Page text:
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Forsythe, George Elmer

FORSYTHE, GEORGE ELMER

(b. State College, Pennsylvania, 8 January 1917, d. Stanford, California, 9 April 1972),

mathematics, computer science, education.

Forsythe is considered one of founders of computer science as an academic discipline. Trained as a numerical analyst and meteorologist, he pioneered the use of digital electronic computers to solve complex mathematical equations. The Stanford University Computer Science Department, which he formed in 1965, was exemplary, both in intellectual scope and institutional structure.

Early Life and Training . George Elmer Forsythe was born 8 January 1917 in State College, Pennsylvania, to Dr. Warren Ellsworth Forsythe, an academic physician and cofounder of the American Student Health Association (ASHA), and DeEtta Brodie Forsythe. George was raised in Ann Arbor, Michigan, where his father worked as director of the University Health Service of the University of Michigan. Evidence of his interest in computing first appeared in the seventh grade, when he attempted to use a hand-cranked desk calculator to see how digits repeated in large decimal expansions (e.g., 10000/7699). At Swarthmore College, he received a liberal arts education, earning a BA in mathematics in 1937. There he also met his future wife and lifelong intellectual collaborator, Alexandra (Sandra) Winifred Illmer. Following graduation, he and she both pursued doctorates in mathematics at Brown University in Providence, Rhode Island.

At Brown, Forsythe wrote a dissertation in numerical analysis entitled Riesz Summabilitly Methods of Order r, for R (r)< 0, Cesaro Summability of Independent Random Variables, under the direction of Jacob David Tamarkin and the probability theorist William Feller. While Forsythe received the support of his advisors and peers, and finished his PhD in four years, Illmer struggled in an environment that was inhospitable to female mathematicians. Ultimately, she left Brown and completed a master’s degree at Smith College. Forsythe and Illmer were married in a Quaker ceremony on 14 June 1941, the same day that Forsythe received his PhD. In the fall of 1941, the Forsythes moved to California so that George could start work as an instructor for the Stanford University Department of Mathematics.

Weather, Numerical Analysis, and Computers . Forsythe’s first career at Stanford was terminated by the United States’ entry into World War II. During the war, he served in the U.S. Army Air Forces (USAAF) as an instructor in theoretical meteorology for a training unit based at the University of California at Los Angeles (UCLA). With the unit’s head, Jörgen Holmboe, and his colleague William Gustin, he adapted the training lectures into Dynamic Meteorology(1945), a mathematics-oriented introductory textbook to theoretical meteorology. While working with the meteorologists, Forsythe began to develop a serious interest in employing electronic computers to solve complex applied mathematical problems. He was particularly inspired by the work of Lewis Fry Richardson, a British mathematician and meteorologist who had proposed in his 1922 Weather Prediction by Numerical Process that the weather might be forecast by means of a vast computation of differential equations—then far beyond human capability—provided that enough upper-air weather observations were available as input data. Pairing Richardson’s proposal with the mechanical computing technology that he saw in Wallace John Eckert’s 1940 Punched Card Methods in Scientific Computation, Forsythe came to believe that such machines could dramatically advance science and industry.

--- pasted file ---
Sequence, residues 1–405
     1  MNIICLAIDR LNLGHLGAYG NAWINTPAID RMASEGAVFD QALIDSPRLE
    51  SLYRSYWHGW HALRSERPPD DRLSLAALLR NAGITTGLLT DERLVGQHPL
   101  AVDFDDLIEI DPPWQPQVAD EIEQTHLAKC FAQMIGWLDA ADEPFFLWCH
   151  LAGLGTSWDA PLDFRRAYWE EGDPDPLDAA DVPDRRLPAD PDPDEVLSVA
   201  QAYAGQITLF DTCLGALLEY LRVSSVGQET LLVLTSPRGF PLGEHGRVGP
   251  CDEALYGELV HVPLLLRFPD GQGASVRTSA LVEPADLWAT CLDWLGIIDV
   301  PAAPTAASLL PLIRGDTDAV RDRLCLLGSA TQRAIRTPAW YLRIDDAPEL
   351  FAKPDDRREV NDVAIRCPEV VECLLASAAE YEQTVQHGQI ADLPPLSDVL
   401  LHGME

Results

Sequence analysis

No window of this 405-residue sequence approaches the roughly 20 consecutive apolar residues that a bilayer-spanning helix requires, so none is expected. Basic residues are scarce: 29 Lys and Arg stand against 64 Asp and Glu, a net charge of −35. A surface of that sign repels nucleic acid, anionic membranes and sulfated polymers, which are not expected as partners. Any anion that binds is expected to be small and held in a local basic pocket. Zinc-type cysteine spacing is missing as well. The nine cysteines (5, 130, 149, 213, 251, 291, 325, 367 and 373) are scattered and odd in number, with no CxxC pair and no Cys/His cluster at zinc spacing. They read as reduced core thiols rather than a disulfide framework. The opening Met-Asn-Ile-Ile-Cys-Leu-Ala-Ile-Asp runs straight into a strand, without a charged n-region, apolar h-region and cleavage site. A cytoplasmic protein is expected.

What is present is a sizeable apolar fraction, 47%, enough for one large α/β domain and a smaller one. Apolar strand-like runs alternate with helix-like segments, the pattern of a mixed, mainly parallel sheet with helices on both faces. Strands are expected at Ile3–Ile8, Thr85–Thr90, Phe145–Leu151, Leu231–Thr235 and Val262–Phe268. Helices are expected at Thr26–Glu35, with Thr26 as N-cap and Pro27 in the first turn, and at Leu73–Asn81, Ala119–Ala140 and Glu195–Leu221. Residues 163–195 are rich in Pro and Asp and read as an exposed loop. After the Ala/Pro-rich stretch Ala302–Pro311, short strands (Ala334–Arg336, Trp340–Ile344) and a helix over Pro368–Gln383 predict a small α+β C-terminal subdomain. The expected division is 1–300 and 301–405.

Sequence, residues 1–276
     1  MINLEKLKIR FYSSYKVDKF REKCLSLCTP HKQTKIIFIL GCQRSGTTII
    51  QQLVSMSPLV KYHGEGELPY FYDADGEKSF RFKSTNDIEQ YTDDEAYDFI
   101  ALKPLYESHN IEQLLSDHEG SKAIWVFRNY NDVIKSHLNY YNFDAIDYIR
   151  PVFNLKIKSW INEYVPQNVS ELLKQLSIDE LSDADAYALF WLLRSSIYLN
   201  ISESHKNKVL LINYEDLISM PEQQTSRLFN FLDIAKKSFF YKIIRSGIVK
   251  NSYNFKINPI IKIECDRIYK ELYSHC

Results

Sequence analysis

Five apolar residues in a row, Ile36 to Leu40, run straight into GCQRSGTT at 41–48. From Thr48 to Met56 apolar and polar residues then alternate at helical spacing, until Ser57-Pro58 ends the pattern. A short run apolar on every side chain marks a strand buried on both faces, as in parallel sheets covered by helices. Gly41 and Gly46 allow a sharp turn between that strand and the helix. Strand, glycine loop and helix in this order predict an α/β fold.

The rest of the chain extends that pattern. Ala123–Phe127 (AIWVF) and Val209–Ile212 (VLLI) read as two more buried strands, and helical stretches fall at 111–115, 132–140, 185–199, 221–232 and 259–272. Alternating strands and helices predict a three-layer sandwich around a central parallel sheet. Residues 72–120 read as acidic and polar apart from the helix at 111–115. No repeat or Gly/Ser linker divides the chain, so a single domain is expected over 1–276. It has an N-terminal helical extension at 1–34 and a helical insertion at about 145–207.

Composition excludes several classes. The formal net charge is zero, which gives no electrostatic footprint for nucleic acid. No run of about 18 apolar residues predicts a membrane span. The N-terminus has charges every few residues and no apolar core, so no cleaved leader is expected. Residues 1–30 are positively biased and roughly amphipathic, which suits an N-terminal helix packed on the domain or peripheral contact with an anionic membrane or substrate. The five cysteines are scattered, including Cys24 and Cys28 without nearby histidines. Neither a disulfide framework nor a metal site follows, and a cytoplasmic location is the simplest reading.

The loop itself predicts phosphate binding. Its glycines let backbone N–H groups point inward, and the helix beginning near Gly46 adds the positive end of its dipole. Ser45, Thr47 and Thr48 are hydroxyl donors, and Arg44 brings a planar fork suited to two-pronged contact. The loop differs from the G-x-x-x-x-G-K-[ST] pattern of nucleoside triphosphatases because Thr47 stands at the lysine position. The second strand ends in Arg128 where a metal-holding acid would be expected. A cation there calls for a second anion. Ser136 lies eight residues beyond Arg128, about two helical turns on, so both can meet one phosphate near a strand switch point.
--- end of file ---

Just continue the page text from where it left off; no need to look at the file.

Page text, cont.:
Immediately following the war, Forsythe pursued his interest in computational machines at Boeing, where he supervised the implementation of a tabulating machine set up for data processing. Sandra Forsythe also worked in private industry but left to raise the couple’s two young children, future botanist Warren L. “Tuck” Forsythe (b. 1944) and cultural anthropologist Diana E. Forsythe (b. 1947). In 1948, George Forsythe returned to the UCLA campus, this time to join the short-lived but highly influential Institute for Numerical Analysis of the National Bureau of Standards. While at the institute, he published several papers on numerical analysis, some in collaboration with Feller, and organized a major effort to translate contemporary and historical Russian mathematical texts. He was also a major contributor to the institute’s 1951 symposium on Simultaneous Linear Equations and the Determination of Eigenvalues, to which he presented a bibliographic paper, “Tentative Classification of Methods and Bibliography on Solving Systems of Linear Equations” that long served as an important reference for numerical analysts.

Most of Forsythe’s energy in the early 1950s, however, was devoted to helping develop and write programs for the institute’s Standards Western Automatic Computer (SWAC), an early digital electronic computer with 256 37-bit words of Williams-Kilburn tube memory, which became operational in 1950. As he became more familiar with SWAC’s operation, Forsythe focused on the problem of expressing algebraic equations on computers, often collaborating in this area with his wife and the mathematician Marcia Ascher. In the mid-1950s, Forsythe began to publish the algorithms he employed to communicate algebraic equations on SWAC; these established him as one of the foremost experts on implementing higher mathematics on digital electronic computers. After the institute was incorporated by UCLA in 1954, Forsythe joined the university’s faculty.